What’s the collective noun for books?

A collection? A shelf? A library? How about a discussion or a storytelling or a chapter or a paragraph? Whatever it is, I read a lot of books the past six months. Did I mention this is a (loooong) book post?

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Ready for their closeup. The books I’ve read the past six months; not included are the two I wasn’t able to finish. The funky wooden busts styled with them are from Bali

Over the years, right around April or May I used to take stock of what I’ve read for the past months. And the list would invariably show up somewhere — back in the day, it was in journals and then more recently in various social media, albeit in a more haphazard fashion. I don’t know why I do it really, maybe because I wanted to have a record of what I read and also because April and May evoked school vacations in the Philippines, a time when I could just curl up with a good book in the middle of a hot afternoon instead of taking a siesta (afternoon nap) as my parents wanted us kids to do (to make us grow tall, they said). Now of course, I am more likely going to choose the siesta than read a book, because I’m old(er). 🙂

But at the start of this year, I told myself I would jot down each book I read as I started it just so I have a record of my reading diet — you are what you eat or read, am I right or am I right? I wrote down the titles in my desk diary — literally, an actual diary on my office desk. I am not so particular that I wrote down the title on the actual day I started reading it. I basically scribbled on those blank spaces allotted for each week/month for the diarist to write down whatever existential thought or musing he or she has. I chose to write down what I read.

The results were interesting:

  • 23 books read, 2 unfinished; so 21 books actually read cover to cover.
  • 8 = most number of books started in a month (March). Note that I said “started” because I wrote down the titles as I started reading, but did not really write down when I finished the books. But given that I usually — not always though — pick up a book when I’m done with one, it’s safe to assume that I did finish all eight books in March. Even for me — a fast reader (D says I don’t take the time to savor the books and devour them like fast food, a claim I wholeheartedly deny) — this was, er, impressive… and a bit frightening.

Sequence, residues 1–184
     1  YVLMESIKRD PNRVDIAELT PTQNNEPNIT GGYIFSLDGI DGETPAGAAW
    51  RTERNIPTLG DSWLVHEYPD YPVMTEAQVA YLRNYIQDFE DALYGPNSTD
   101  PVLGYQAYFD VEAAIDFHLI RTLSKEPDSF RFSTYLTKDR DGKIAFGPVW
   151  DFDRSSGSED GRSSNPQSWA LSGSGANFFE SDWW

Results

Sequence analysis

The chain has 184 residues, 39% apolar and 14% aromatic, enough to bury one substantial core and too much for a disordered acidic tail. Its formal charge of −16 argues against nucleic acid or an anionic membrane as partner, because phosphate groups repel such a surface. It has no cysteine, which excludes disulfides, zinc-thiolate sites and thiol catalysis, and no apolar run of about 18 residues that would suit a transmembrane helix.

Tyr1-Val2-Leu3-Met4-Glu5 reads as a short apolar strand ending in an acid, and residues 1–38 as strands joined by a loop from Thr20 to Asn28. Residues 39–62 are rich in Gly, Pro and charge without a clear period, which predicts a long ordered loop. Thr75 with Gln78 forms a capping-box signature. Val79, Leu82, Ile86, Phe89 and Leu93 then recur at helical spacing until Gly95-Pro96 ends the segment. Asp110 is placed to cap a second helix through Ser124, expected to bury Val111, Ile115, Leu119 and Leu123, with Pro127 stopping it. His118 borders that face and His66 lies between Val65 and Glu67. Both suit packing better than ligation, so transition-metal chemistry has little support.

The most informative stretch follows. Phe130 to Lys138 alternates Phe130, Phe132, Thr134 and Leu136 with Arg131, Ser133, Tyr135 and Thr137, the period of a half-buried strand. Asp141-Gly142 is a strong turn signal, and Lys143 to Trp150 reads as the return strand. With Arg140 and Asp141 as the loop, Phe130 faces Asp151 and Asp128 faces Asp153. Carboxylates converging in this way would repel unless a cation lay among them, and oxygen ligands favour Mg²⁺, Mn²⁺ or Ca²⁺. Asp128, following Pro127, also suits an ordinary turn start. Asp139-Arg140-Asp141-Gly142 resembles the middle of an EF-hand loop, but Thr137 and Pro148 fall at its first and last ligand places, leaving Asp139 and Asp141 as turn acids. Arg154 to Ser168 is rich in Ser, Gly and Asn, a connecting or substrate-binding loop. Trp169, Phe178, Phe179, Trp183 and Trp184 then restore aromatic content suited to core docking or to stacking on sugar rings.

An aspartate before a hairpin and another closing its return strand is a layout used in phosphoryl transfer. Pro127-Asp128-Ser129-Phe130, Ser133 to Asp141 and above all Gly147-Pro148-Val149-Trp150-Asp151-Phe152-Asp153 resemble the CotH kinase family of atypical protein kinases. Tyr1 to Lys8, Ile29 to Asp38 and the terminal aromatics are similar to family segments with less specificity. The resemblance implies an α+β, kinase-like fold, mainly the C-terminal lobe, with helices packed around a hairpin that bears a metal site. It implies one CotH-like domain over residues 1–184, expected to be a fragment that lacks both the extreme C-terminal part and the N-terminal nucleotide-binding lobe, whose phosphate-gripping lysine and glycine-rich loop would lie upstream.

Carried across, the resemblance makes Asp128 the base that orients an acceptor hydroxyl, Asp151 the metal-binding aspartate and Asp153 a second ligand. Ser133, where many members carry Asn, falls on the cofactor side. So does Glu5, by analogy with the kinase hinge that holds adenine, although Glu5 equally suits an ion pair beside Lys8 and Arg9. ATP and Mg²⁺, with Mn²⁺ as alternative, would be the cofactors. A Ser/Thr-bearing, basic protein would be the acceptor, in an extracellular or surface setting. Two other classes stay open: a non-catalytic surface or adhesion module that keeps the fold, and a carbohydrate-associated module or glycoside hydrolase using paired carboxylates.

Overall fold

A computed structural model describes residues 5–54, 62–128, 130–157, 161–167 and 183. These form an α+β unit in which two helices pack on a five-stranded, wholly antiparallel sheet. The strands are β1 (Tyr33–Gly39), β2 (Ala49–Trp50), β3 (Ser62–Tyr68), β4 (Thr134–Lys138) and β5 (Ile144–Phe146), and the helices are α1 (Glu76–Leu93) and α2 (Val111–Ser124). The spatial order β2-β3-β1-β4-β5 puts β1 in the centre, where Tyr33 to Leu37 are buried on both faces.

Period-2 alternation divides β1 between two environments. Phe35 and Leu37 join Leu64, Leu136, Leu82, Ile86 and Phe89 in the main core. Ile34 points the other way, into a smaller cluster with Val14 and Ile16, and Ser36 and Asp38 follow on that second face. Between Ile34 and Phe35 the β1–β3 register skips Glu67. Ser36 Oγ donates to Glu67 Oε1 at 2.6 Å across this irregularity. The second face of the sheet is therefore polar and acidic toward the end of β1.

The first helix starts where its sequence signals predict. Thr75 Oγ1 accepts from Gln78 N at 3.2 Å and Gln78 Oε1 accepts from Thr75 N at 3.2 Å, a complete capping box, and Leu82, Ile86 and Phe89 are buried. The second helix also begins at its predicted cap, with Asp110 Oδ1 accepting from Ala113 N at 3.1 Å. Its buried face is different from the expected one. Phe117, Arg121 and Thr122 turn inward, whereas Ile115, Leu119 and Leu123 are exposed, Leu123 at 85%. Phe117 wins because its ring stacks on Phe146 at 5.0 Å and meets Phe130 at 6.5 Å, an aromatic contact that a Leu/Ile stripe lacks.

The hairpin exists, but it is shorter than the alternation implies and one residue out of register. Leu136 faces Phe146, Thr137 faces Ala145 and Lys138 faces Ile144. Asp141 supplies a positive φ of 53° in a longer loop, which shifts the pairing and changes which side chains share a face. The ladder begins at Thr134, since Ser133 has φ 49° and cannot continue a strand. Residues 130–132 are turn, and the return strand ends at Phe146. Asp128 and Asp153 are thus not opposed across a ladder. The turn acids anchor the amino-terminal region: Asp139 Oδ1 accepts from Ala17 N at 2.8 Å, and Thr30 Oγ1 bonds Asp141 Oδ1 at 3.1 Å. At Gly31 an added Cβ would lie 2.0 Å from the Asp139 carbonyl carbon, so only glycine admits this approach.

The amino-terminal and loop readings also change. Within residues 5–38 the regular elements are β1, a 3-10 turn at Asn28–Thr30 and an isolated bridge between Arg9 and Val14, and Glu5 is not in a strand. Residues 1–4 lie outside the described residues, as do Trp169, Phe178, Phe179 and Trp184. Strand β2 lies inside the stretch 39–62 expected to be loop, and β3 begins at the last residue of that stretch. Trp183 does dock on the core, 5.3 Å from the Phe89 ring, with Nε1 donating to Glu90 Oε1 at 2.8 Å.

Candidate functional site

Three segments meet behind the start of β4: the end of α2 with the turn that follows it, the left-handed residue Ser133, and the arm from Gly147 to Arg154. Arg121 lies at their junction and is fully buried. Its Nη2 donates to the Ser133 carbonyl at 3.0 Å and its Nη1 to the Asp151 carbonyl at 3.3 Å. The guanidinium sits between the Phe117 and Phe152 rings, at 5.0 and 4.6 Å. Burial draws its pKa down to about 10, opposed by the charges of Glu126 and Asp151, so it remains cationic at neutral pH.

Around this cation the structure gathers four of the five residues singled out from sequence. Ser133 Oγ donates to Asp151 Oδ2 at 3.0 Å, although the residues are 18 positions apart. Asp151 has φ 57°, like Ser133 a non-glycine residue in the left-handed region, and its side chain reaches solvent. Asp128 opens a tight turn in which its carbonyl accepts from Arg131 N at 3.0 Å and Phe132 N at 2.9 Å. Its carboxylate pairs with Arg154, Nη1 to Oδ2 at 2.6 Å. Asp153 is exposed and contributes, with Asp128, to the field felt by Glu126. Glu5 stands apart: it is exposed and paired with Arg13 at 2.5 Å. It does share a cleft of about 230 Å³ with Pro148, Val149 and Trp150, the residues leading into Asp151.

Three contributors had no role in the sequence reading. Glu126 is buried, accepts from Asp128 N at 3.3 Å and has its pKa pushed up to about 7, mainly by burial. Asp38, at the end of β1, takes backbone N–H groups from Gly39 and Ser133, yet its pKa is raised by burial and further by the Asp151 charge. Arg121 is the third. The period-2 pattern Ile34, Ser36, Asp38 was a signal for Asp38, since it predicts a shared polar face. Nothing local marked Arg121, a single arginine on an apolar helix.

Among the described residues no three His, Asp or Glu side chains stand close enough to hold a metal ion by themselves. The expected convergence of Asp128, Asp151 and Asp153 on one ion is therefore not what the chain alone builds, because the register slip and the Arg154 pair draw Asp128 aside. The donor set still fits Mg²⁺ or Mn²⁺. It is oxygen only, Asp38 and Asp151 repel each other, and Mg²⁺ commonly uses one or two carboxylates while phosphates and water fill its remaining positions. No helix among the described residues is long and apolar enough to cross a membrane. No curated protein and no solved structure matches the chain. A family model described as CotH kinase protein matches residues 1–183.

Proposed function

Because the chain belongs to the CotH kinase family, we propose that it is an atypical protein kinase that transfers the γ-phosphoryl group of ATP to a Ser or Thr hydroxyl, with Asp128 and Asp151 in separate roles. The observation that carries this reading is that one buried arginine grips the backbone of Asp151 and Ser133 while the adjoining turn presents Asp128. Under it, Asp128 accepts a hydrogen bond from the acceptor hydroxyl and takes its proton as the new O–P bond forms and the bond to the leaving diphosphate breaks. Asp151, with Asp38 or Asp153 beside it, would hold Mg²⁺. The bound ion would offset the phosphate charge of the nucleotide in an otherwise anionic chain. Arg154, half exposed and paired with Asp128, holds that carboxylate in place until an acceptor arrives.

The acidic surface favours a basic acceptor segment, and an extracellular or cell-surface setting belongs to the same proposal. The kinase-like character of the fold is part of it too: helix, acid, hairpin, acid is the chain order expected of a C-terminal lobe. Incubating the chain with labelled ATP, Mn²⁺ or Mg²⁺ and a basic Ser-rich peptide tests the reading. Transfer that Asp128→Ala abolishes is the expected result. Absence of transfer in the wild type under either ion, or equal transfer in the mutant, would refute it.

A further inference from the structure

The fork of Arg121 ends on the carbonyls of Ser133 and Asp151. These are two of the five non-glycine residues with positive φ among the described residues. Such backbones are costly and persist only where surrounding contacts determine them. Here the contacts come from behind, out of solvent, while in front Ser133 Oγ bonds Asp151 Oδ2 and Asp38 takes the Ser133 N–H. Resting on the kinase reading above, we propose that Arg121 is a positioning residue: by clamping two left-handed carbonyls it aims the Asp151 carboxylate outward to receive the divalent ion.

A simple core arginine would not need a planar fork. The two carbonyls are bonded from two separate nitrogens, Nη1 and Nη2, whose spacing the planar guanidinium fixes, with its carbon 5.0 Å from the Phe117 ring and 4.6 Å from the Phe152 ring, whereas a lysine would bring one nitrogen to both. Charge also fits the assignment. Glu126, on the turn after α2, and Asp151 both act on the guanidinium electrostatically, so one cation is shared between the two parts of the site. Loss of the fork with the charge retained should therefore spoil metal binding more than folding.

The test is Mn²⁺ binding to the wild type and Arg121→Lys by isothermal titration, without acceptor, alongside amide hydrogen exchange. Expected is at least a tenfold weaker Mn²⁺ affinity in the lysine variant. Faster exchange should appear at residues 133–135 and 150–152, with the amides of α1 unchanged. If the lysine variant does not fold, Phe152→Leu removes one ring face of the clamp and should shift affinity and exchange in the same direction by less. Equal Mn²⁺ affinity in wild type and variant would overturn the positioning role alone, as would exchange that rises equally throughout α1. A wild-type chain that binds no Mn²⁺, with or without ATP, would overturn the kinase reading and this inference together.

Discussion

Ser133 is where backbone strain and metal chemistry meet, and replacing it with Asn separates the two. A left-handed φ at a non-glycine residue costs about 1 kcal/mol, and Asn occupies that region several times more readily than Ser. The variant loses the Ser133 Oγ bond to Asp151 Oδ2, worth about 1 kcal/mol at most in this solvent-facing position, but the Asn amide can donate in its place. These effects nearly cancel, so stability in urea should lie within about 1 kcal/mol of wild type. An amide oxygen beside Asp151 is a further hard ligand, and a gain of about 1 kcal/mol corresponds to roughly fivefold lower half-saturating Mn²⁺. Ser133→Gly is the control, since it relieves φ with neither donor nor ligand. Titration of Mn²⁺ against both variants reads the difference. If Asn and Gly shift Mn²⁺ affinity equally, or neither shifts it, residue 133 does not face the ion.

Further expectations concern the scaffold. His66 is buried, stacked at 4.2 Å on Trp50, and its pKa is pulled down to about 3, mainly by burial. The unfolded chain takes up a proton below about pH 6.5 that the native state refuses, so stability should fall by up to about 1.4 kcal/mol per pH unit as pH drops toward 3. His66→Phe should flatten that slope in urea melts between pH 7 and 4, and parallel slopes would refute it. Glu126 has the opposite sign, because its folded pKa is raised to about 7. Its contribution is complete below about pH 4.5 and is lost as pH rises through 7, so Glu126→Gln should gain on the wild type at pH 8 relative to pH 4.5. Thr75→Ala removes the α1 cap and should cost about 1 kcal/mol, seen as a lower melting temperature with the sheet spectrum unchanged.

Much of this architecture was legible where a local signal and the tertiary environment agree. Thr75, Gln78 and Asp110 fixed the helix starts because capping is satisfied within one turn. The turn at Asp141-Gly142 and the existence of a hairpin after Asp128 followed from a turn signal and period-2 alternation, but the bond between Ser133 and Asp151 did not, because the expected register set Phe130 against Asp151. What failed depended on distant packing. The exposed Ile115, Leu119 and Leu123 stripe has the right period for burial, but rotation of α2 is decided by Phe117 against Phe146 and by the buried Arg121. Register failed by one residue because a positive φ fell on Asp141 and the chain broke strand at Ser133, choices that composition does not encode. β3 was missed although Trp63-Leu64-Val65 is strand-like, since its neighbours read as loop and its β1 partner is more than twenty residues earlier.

• 1, unfinished = least number of books read in a month (April). What was I doing in April?? A quick glance at my diary revealed that I was drowning in work that month, apparently.
  • Genres covered: They run the gamut, from historical romance, to thrillers, to a memoir. Was tempted to enumerate the books per genre, but after attempting to classify several of them, I ended up confusing myself and stopped. Let’s just say that many of them can be classified under different categories and I will never be a competent librarian, haha!

So what have I been reading? Here’s a list (as they appeared in my diary) and capsule reviews:

Continue reading What’s the collective noun for books?

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The benefits of reading

This isn’t why I love to read — I read because it relaxes me, it’s pleasurable and allows me to travel to different worlds and realities. But it’s great that there are actually health benefits to one of my favorite activities. 🙂

[infographic borrowed from this link: The Benefits of Reading]

While we’re on the subject of cycling….

…. here’s a useful link — Bicycling’s 50 Golden Rules. I’m a newbie, so it’s all I can do to remember the basic stuff. But yes, I need to keep all these in mind!

(image above: One of the deserted spots in Sentosa where we like to go cycling. The bike in the photo is Beast, D’s Specialized Stump Jumper mountain bike, so called because he is scary — to me anyway)